When a Novel Might be Better as a Series

The People We Hate at the Wedding

By Grant Ginder

For a novel trumpeted in the jacket copy as hilarious, you’ll find the humor sporadic and often deprecating, both self and towards others. But you would probably expect such from a cast of characters, mother Donna, deceased father Bill, son Paul, daughter Alice, and Donna’s daughter from a previous marriage Eloise, who are less than likable (except maybe for Eloise and her overly nice and supremely contented fiancee Ollie). Everybody has issues with each other; everybody has issues with themselves; everybody, except for mellow Ollie, is wildly neurotic. Imagine them together at Eloise’s wedding and you picture something riotously funny or riotously bloody. Regrettably, you’ll not get much of either in the end here. To boot, everything proves too predictable.

The story turns on a deeply held family secret kept by Donna about Paul and his father Bill to protect Paul from a harsh and painful truth, known only by one other person, Eloise. From this stems much of the anger, resentment, and neurotic behavior in the novel. Settings are L.A., St. Charles, IL (you don’t see this much in novels), Philadelphia, London and Dorset. The novel features some explicit sexual scenes not everybody will be happy to encounter, though they are critical to Paul’s story. And sorry to report, but Paul’s tale revolves around some pretty unfortunate gay stereotyping.

In its favor, this is the type of novel that could make a compelling cable or streaming limited series in the hands of the right producers and showrunner, perhaps, if we’re lucky, like Liane Moriarty’s Big Little Lies, which was very popular in print and on HBO. w/c

Advertisements

Love a Good Literary Conspiracy?

The Night Ocean

By Paul La Farge

Paul La Farge conjures up a myth regarding the sexual life of weird science writer H. P. Lovecraft.  In best metafiction style, he makes it feel so real that you find yourself wondering and then searching for a copy of the supposed “Erotonomicon,” purported to be Lovecraft’s own account of his love life, particularly his relationship with Robert Barlow, author and anthropologist, when Barlow was a thirteen-year-old boy.

To further the ruse, La Farge has even created a webpage for the reissuing of the volume by fictitious Black Hour Books. Further, he festooned the book with dozens of real science fiction and fantasy writers, most still well known within the genre, and footnotes, all of which lends further veracity to the tale. It’s all quite masterfully done, and educational to boot.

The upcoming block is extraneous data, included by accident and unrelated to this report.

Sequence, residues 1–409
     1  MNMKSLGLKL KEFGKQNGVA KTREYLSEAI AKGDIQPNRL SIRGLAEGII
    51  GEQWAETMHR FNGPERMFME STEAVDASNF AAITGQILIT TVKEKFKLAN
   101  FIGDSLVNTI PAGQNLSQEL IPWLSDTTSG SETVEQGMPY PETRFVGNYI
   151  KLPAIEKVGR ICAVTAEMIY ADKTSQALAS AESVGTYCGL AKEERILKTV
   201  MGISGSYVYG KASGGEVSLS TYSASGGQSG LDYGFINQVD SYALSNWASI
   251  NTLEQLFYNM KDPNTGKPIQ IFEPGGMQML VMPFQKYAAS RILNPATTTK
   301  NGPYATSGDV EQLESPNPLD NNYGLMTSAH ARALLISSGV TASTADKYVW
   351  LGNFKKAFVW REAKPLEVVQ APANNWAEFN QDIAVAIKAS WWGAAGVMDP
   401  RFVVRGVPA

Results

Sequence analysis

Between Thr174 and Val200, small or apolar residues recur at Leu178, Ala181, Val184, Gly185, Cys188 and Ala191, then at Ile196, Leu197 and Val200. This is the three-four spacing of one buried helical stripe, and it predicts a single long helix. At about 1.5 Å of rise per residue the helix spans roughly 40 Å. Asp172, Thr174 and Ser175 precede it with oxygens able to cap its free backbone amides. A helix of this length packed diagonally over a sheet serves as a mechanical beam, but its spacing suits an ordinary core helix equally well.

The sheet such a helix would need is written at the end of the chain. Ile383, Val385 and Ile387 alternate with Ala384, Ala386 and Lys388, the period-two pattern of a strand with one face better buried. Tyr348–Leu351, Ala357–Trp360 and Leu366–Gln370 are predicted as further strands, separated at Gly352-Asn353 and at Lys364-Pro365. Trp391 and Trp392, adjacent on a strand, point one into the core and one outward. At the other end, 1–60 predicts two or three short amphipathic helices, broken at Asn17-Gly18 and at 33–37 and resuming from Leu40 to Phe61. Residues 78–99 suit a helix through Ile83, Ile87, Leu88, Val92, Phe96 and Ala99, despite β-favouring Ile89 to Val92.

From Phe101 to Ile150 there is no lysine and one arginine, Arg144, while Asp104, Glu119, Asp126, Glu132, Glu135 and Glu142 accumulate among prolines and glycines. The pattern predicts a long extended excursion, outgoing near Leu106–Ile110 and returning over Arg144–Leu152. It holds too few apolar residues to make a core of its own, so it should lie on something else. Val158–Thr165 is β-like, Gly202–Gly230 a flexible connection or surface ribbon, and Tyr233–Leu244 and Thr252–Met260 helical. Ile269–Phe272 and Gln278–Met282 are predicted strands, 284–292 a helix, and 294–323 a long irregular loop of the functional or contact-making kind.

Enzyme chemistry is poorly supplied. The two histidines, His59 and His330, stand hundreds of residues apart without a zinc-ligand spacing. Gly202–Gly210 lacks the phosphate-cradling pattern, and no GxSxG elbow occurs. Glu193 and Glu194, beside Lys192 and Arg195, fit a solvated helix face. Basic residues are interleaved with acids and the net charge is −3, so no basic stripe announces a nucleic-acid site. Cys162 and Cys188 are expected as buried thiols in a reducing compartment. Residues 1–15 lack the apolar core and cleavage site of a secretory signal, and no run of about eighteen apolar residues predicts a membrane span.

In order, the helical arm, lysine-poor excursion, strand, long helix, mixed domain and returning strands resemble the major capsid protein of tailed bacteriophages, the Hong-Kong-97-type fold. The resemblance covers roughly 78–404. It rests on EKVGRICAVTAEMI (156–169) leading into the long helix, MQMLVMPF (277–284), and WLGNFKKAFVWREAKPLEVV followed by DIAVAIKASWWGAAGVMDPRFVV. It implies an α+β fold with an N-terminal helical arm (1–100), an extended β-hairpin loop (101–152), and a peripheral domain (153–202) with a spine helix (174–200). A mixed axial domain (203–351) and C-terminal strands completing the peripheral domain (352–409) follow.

He then couches all this in a mystery concerning a freelance writer, Charlie Willett, who writes a book claiming that Barlow did not commit suicide in 1951 (which he did, of course; La Farge even includes a copy of his death certificate in the novel text, but who wants to believe truth when fantasy is so much more appealing?). In Charlie’s telling, Barlow authored the “Erotonomicon,” which he explains in his book titled “The Book of the Law of Love.” When, after enjoying considerable notoriety, Charlie’s book is exposed as completely wrong. In despair, he kills himself. It’s left to his wife Marina Willett, a psychiatrist, to discover who wrote the “Erotonomicon” and for what purpose.

Here’s where the whole affair gets even more delicious. Enter L. C. Spinks, whom Marina hunts down in Parry Sound, Ontario (yes, a real town). Is the “Erotonomicon” real and witten by Barlow? L. C. Spinks tell his story, the real origin of the “Erotonomicon.” Wait, though, is it real? Is Spinks who he professes to be? Time for yet another unraveling of fact and fiction.

Here’s the thing about The Night Ocean: the fiction about Lovecraft, about the “Erotonomicon,” even about L. C. Spink’s version of how it “truly” came about, all of it proves much more satisfying than the reality revealed at the end. And what are you, the reader, left with at the end? Well, engaged as you become in myth and make-believe, in the concoction of fibs and big lies, you begin to understand the attraction that conspiracies hold for even the most rational among us.  For don’t we all just hate loose ends and voids, not to mention uncomfortable and unsatisfying reality? The experience of The Night Ocean (incidentally, the title of a story filled with a subtext of sexual longing written by Lovecraft and Barlow in the time they shared), in addition to being quite a story, helps us understand the attraction.

(Please note that La Farge’s little subterfuge with Black Hour Books can be maddening. If you are curious, click on Black Hour Books.) w/c